A comaker is a person who provides his signature on a loan in conjunction with the primary borrower. The signature of a comaker is basically additional security on the part of the lender. In case the primary borrower is unable to pay the loan back, the comaker is legally obliged to take on that responsibility. A comaker is also called a cosigner.
Not all loans require a comaker to be approved. In some instances, a lender may require a comaker if the primary borrower does not have a good enough credit rating. The additional signatory on the loan is then required so that the lender will have more security in case the borrower with the insufficient credit rating does not have the means to pay the loan back somewhere down the road. However, it also does not automatically follow that if you have a comaker, your loan application will be approved.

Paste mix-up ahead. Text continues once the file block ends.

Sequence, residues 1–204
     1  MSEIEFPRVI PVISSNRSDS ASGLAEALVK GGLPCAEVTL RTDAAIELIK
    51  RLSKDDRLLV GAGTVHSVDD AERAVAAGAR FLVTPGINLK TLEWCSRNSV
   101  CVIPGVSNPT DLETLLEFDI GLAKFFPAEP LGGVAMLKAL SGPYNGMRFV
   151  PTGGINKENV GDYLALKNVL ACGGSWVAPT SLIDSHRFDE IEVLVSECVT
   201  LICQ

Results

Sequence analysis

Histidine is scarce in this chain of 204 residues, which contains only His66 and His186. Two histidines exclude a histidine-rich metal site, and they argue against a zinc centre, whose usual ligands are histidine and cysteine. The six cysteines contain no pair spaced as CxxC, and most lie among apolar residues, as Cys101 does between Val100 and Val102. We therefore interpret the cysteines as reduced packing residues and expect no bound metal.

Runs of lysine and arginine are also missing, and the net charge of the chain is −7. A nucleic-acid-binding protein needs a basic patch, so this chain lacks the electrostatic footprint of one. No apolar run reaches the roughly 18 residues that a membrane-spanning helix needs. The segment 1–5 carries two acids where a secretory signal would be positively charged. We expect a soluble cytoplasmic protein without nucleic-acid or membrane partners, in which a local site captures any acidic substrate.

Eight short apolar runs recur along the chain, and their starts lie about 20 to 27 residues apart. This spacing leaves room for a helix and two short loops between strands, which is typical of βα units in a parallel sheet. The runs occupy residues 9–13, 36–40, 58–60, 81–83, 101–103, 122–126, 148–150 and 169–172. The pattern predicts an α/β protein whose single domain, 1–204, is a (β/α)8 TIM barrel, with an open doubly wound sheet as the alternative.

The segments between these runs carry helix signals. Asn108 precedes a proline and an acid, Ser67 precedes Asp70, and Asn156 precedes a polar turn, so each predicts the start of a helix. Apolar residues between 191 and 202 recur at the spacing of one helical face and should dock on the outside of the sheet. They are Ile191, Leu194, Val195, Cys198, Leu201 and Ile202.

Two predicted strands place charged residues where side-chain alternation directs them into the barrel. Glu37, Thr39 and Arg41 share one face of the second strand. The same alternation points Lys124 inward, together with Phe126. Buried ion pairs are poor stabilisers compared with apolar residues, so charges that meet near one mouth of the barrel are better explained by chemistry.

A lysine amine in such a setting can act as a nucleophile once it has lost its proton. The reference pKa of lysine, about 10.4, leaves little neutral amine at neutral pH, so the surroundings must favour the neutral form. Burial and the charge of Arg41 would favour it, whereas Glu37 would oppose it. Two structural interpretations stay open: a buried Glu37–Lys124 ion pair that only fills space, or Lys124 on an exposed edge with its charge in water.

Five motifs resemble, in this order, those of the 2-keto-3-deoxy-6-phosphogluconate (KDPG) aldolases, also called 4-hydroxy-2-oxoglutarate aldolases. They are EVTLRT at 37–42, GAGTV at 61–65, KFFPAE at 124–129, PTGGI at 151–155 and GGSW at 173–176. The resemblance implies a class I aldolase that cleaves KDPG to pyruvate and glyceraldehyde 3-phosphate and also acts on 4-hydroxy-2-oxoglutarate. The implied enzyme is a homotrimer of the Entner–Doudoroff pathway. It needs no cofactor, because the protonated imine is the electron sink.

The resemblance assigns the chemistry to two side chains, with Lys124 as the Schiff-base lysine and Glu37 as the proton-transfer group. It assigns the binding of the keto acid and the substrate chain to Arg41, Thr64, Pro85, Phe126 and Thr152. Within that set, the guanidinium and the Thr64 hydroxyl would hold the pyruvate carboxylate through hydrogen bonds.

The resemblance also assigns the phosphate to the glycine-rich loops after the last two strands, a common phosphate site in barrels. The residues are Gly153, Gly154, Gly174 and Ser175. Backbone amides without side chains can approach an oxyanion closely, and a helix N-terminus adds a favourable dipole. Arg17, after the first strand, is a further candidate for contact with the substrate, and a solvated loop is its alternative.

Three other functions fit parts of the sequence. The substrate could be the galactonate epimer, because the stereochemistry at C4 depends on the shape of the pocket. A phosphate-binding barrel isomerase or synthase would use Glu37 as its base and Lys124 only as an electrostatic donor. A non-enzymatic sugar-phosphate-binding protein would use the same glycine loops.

One common example of a situation wherein a comaker is required is when a relatively young individual wants to take out a loan to purchase his first car or home. In this case, his credit record may not be built up yet. His parents can then cosign on his loan to boost his creditworthiness.
You may be approached by a friend or a family member to be a comaker on his loan. Before you say yes or no, it is important that you take a closer look at the loan and the terms involved. A lot of responsibility comes with being a comaker, and you want to be sure that you will not be saddled with the debt later on.